History & Our Patroness

History


In November 1947, the Most Reverend Charles F. Buddy, Bishop of San Diego assigned Reverend John M. Tahany to begin a new parish in what was then known as the Yucaipa Valley. Within weeks of his arrival, Fr. Tahany gathered nine families for Mass at the American Legion Hall on California Street. A small residence on Beech Street served as the first rectory, and the first Christmas Mass was celebrated at the Yucaipa Women’s Club.

The original 3.5 acre parish site was purchased in 1948 for $3,500. In less than five months, the current church building with a seating capacity of 250 was completed at a cost of $40,000. The Diocese of San Diego provided the $40,000 in the form of a loan. A generous gift from the Marren family and a grant from the Catholic Extension Society of Chicago repaid the loan to the Diocese and resulted in naming the parish after Mother Frances Xavier Cabrini. Mother Cabrini was canonized in 1947, the same year as the founding of the Yucaipa parish. She was North America’s first saint, and the Yucaipa parish was one of the first in the world to bear her name.

For twelve years, from 1993 – 2005, the community of St. Frances was served by Reverend Kenneth Jenkins as Pastor. In 2005 the parish began a new model of leadership, that of a Pastoral Coordinator and Priest Minister. Kirsten Thorstad was appointed as Pastoral Coordinator and Reverend Joseph Cornely, S.T as Priest Minister beginning July 2005. In July 2006, Reverend David Andel was appointed as Priest Minister. In July 2014, Fr. Santos Ortega was installed as the Pastor of St. Frances X. Cabrini Church.

St. Frances Xavier Cabrini Catholic Church serves the entire Yucaipa Valley located between the San Bernardino Mountains to the North and the communities of Beaumont and Banning to the southeast. The parish serves more than 1,950 households in the communities of Yucaipa, Calimesa, Oak Glen, Cherry Valley, Mentone, Forest Falls, Mountain Home Village and Angelus Oaks.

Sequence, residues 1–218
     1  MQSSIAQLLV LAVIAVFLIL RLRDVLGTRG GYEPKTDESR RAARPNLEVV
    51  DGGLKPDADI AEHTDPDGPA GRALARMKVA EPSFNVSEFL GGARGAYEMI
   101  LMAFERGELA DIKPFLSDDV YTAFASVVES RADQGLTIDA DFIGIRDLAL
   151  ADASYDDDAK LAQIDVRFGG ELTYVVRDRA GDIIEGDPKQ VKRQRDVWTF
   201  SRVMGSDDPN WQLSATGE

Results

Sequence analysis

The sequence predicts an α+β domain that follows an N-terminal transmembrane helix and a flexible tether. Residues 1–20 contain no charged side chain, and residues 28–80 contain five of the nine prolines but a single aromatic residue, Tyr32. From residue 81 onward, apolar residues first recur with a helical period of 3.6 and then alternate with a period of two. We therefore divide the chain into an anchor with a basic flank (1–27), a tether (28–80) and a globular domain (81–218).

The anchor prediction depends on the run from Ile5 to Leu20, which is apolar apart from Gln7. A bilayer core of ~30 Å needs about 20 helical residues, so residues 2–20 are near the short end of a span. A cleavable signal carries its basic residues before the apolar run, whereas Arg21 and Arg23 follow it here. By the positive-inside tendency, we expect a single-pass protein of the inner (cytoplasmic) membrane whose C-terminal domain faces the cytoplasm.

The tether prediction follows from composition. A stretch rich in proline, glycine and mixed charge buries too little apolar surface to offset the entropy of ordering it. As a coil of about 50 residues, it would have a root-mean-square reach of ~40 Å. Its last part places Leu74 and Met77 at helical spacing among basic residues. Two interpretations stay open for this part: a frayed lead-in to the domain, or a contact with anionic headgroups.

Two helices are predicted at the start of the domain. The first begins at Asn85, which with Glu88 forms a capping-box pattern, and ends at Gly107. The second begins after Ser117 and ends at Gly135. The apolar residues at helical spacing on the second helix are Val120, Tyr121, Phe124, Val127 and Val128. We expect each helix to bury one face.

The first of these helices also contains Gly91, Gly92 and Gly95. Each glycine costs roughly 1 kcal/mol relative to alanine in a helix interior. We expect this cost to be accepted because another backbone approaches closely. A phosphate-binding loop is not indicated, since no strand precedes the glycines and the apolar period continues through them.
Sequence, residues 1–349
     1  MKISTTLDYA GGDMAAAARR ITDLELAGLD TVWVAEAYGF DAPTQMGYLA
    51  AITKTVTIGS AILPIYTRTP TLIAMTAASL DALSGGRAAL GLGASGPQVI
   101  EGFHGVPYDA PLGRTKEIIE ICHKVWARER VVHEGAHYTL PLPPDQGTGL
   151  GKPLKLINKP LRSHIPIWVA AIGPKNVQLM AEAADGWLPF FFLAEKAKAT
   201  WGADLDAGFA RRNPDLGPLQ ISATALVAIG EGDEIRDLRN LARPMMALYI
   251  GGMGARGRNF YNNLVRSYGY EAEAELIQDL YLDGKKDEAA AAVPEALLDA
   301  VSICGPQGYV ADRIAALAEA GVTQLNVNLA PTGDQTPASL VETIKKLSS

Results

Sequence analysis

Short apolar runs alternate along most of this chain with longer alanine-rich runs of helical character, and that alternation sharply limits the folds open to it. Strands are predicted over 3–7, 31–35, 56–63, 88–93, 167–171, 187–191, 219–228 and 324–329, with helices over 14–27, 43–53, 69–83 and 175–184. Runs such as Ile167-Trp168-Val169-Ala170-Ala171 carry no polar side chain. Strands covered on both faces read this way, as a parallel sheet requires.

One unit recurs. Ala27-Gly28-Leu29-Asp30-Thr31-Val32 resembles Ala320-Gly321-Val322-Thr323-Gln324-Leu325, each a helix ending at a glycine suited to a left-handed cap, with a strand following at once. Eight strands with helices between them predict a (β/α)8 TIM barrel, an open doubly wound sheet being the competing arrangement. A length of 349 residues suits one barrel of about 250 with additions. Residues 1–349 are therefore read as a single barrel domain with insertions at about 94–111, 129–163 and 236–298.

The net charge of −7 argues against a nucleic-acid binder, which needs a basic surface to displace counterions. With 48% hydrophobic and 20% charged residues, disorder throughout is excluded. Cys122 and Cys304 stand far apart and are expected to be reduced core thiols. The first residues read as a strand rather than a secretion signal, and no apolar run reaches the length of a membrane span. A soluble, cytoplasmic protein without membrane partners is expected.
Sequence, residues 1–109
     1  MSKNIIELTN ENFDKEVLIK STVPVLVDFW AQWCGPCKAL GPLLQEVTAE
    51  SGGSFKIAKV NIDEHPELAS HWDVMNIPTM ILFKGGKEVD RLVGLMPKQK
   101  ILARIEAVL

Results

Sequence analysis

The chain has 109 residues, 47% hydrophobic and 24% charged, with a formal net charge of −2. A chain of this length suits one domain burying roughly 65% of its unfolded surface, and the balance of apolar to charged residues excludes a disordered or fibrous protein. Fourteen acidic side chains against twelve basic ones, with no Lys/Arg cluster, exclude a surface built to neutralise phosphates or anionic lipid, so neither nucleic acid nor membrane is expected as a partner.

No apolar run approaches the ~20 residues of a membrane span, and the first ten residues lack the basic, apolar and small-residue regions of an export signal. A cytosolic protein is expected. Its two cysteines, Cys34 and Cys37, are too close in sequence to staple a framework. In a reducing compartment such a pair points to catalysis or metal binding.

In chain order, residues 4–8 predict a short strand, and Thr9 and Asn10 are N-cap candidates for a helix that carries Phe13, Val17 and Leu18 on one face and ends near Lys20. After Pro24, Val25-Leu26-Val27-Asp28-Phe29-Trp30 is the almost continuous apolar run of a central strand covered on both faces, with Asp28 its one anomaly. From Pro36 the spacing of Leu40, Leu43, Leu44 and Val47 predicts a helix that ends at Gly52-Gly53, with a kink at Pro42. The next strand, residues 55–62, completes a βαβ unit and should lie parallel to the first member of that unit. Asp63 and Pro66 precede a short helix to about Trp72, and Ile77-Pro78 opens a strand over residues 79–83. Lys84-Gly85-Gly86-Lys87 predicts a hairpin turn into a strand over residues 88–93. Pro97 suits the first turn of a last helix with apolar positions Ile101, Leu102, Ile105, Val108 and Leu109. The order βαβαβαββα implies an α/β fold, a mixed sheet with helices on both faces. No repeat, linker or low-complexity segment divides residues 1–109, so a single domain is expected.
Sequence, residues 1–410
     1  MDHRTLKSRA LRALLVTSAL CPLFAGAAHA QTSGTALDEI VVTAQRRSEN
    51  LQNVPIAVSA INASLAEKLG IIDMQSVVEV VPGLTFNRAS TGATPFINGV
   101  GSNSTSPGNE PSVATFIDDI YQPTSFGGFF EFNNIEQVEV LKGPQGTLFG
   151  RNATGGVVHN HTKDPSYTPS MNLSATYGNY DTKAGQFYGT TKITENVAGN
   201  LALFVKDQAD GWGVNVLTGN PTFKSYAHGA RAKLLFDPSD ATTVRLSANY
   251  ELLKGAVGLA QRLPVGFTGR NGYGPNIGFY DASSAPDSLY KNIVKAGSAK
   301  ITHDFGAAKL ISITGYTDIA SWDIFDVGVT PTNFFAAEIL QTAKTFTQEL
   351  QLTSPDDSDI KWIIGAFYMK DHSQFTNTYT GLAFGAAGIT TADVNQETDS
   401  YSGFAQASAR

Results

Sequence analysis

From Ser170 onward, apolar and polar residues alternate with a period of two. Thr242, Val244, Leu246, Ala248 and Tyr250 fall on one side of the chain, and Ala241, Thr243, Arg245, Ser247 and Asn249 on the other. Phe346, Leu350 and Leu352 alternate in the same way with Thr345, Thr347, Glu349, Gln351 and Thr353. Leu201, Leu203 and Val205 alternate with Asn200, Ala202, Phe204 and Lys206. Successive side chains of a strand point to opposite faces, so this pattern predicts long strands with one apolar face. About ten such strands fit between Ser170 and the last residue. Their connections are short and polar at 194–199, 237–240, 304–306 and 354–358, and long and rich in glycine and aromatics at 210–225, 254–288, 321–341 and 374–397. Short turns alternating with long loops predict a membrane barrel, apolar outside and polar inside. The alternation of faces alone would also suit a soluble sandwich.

Original Church dedicated on: October 17, 1948
Parish Center dedicated on: December 8, 1991
New Church dedicated on: October 18, 2008

 

Our Patroness


The youngest of thirteen children, St. Frances Xavier Cabrini was born on July 15, 1850 in a small village called Sant’Angelo Lodigiano near the city of Milan, Italy. She grew up enthralled by the stories of missionaries and made up her mind to join a religious order.

Because of her frail health, she was not permitted to join the Daughters of the Sacred Heart who had been her teachers and under whose guidance she obtained her teaching certificate.

However, in 1880, with seven young women, Frances founded the Institute of the Missionary Sisters of the Sacred Heart of Jesus.

She was as resourceful as she was prayerful, finding people who would donate what she needed in money, time, labor, and support.

A photograph of a young Saint Frances Xavier CabriniShe and her Sisters wanted to be missionaries in China and despite all obstacles; she visited Rome to obtain an audience with Pope Leo XIII.

The Pope told Frances to go “not to the East, but to the West” to New York rather than to China as she had expected. She was to help the thousands of Italian immigrants already in the United States.

In 1889, New York seemed to be filled with chaos and poverty, and into this new world stepped Mother Frances Cabrini and her Sister companions.

Cabrini organized catechism and education classes for the Italian immigrants and provided for the needs of the many orphans. She established schools and orphanages despite tremendous odds.

Soon, requests for her to open schools came to Frances Cabrini from all over the world. She traveled to Europe, Central and South America, and throughout the United States. She made 24 trans-Atlantic crossings and established 67 institutions: schools, hospitals, and orphanages.

A photograph of Saint CabriniHer activity was relentless until her death. On December 22, 1917, in Chicago, she died. In 1946, she was canonized a saint by Pope Pius XII in recognition of her holiness and service to mankind.

Today the Missionary Sisters, their lay collaborators, and volunteers work as teachers, nurses, social workers, administrators, and members of institutional boards of trustees.

They can be found on six continents and 17 countries throughout the world; wherever there is a need.